Farther south, 51 miles south of Mobile, Craft Farms Golf Resort has 36 holes designed by my golf hero — the legendary Arnold Palmer. The two championship courses — Cotton Creek and Cypress Bend — sit just minutes from the white sand beaches of the Gulf of Mexico, a great amenity for the golfer with family in tow. Exquisitely managed by Honours Golf (a division of Troon), Cotton Creek — a Par 72 with five sets of tee boxes, stretching to 7,127 yards — and Cypress Bend — a Par 72 with five sets of tees reaching 6,848 yards — make for a wonderful day of golf, and the Cotton Creek Bar & Grill overlooking the 18th green is the perfect way to cap that day (Try their homemade chicken salad). You can sum up the Cotton Farms experience with five words: Arnold Palmer. Water freaking everywhere.


Dr. David Bronner will forever be remembered as one of golf’s greatest pioneers, the Minnesota transplant with a vision that not only transformed the state of Alabama but every other state that has coordinated golf trails since then. The innovative mind behind the Robert Trent Jones Golf Trail and CEO of the Retirement Systems of Alabama wanted The Trail to be all-inclusive of age, skill and gender — and he pulled off that historic feat by providing players with short courses, state-of-the-art practice facilities and championship courses ranging from 4,700 yards to 8,200 yards all designed by one of the game’s greatest architectural minds.

Near the southernmost stops of The Trail, ferries cut the corner of the Gulf of Mexico to, from and around Dauphin Island. If you’re lucky enough to catch the last boat over to or from Fort Morgan, you might catch a knockout sunset — it’s a budget-friendly sunset cruise that could even include a dolphin escort.


Eagle’s Nest Golf Course: In northeast Alabaman, on the Tennessee River branch of Lake Guntersville, Eagle’s Nest Golf Course is actually in the Lake Guntersville State Park, expertly renovated by former PGA Tour Pro Jerry Pate. Set atop Taylor Mountain, next to The Lodge, cabins and luxury chalets, the many elevation changes provide some stunning views and plenty of challenging holes.


FarmLinks at Pursell Farms: Just 49 miles southeast of Birmingham, this golf club has been ranked the “No. 1 Public Golf Course in Alabama” by Golfweek seven of the past nine years. Dr. Michael Hurdzan and Dana Fry’s FarmLinks is a unique and special experience, from the trail of historic signs to the immaculate conditioning and ridiculously awesome views (especially from the par-3 5th hole with its 172-foot vertical drop tee-to-green). The stay-and-play guest truly maximizes a visit, with so many lodging options to choose from, and the staff at Pursell Farms defines “Southern hospitality,” treating every guest like family. With the Orvis Shooting Grounds, the Spring House Spa, the chef-prepared food at Arrington and the lively atmosphere of Old Tom’s Pub, you won’t ever want to leave. In some ways, the FarmLinks golf course is a bonus. And the fact that the golf course, spectacular on so many points in its own right, is a bonus ... is yet another bonus.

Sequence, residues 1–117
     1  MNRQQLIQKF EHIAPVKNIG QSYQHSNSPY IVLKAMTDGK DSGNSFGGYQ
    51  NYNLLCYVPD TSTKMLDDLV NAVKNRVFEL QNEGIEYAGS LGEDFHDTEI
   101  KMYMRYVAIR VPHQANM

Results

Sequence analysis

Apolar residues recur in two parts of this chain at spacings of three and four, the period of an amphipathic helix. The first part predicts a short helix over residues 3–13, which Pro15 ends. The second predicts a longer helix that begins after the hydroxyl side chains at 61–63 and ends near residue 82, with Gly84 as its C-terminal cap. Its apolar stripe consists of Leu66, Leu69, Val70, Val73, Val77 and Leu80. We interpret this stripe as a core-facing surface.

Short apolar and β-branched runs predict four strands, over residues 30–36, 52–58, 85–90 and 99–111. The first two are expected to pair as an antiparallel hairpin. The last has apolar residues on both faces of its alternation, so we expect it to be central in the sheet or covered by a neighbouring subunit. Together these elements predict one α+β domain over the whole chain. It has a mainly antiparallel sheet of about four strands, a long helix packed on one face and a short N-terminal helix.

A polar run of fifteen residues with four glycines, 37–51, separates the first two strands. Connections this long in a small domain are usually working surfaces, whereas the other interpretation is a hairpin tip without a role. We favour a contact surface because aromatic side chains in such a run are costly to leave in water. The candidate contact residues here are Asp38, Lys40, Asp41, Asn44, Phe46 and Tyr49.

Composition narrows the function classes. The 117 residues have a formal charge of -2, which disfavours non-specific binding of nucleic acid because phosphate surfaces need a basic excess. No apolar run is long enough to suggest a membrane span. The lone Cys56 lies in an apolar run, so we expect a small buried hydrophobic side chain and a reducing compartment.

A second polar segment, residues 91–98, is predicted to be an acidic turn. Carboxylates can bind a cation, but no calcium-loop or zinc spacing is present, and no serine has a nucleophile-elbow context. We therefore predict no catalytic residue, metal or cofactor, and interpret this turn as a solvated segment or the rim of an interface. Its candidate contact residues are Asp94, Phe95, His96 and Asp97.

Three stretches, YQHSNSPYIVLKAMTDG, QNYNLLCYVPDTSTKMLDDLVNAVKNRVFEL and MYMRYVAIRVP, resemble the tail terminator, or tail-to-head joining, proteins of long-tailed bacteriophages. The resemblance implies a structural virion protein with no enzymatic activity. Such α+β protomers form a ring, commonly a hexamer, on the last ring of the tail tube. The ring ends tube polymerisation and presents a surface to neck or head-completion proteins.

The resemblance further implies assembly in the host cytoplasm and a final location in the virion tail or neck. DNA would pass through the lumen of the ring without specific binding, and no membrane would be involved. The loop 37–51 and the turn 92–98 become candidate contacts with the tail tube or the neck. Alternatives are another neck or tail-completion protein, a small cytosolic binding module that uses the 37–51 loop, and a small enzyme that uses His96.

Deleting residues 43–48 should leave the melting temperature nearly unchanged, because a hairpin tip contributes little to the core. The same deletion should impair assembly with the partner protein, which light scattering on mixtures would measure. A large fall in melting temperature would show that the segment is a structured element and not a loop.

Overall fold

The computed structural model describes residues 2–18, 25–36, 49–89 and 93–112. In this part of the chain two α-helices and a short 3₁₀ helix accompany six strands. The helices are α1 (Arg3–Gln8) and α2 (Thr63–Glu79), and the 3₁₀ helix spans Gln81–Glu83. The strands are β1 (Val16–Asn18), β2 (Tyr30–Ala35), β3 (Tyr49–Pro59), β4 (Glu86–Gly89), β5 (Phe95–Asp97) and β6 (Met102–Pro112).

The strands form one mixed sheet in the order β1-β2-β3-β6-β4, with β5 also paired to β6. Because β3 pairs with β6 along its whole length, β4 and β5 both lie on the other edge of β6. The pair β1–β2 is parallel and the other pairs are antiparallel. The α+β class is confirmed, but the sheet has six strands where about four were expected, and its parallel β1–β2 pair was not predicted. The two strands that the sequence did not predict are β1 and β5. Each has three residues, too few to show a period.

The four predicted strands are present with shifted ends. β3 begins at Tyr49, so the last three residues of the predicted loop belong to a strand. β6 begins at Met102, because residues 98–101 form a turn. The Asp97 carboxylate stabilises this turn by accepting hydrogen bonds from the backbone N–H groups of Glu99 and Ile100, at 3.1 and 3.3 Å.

Alabama may not have a wide variety of wildlife compared to many states, but they do have some wild nightlife, especially on the Florida-Alabama border at the Flora-Bama Lounge, Package and Oyster Bar. In 2017, MSN awarded the Gulf Shores hotspot the “No. 1 Beach Bar in America” and Southern Living Magazine ALWAYS lists it among their “Best Bars of the South.” They are famous for their five stages of Live music, oyster bar, interesting décor and massive beach concerts. Oh, and the yummy alcoholic goodness that is the Bushwacker.


Gulf Shores: Once a “Best Kept Secret,” Alabama’s 32 miles of soft white Gulf Coast sand and accompanying crystal blue waters now have the magnetic pull of the sun, keeping visitors in a constant orbit. Suffice it to say, when part of your family history involves a Gulf Coast vacation, that history is likely to repeat itself. Summed up as “Coastal beaches with Midwest prices,” the place is packed with attractions ranging from the home of the famous “Throwed Rolls” at Lambert’s in Foley (where they actually throw hot rolls at your head) to Glenlakes Golf Club, a 27-hole facility with a 6,938-yard 18-hole Bruce Devlin and Robert Von Hagge course (Vista Dunes) and a 3,065-yard Lakes nine. Check out the Lodge at Gulf State Park for a unique Hilton Hotels experience. You won’t need more food after Lambert’s, but I usually don’t eat there twice in one week so I’ll occasionally venture out to other favorites like Hog Wild Beach & BBQ (Tantrum sandwich and Big T’s Sampler), Matt’s Homemade Ice Cream and City Donuts for breakfast.